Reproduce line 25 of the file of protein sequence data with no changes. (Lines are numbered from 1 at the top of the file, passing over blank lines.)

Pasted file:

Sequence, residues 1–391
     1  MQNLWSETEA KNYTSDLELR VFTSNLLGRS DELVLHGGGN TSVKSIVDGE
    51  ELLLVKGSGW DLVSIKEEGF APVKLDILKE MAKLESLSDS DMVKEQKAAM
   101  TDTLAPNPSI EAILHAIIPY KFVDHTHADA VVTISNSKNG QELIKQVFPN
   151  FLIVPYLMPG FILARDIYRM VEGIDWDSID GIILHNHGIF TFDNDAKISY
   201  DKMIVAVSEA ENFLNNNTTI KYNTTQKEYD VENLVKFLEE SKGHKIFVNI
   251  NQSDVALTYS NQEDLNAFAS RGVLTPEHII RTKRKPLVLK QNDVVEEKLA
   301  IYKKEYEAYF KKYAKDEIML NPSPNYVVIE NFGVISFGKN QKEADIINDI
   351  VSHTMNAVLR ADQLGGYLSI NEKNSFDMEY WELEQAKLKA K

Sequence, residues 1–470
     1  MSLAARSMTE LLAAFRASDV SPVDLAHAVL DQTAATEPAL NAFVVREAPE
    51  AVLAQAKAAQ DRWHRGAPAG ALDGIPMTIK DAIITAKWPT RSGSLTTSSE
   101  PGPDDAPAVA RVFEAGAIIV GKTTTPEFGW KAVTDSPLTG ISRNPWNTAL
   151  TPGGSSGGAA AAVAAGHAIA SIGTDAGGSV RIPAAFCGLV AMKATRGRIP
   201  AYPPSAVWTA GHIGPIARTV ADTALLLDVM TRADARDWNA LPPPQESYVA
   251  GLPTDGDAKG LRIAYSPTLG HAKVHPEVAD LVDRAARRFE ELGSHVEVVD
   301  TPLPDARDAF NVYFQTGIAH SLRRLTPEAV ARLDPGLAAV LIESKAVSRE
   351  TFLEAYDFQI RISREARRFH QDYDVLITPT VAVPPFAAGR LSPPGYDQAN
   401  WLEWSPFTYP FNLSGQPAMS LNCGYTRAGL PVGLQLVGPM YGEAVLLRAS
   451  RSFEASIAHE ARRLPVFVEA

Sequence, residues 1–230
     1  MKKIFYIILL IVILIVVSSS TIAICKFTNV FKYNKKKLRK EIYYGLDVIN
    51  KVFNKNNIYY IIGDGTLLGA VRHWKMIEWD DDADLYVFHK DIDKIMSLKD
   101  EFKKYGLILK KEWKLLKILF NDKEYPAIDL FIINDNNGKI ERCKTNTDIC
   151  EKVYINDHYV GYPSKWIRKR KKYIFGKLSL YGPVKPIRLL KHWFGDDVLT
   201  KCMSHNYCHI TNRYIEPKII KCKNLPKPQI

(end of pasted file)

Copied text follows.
   151  EKVYINDHYV GYPSKWIRKR KKYIFGKLSL YGPVKPIRLL KHWFGDDVLT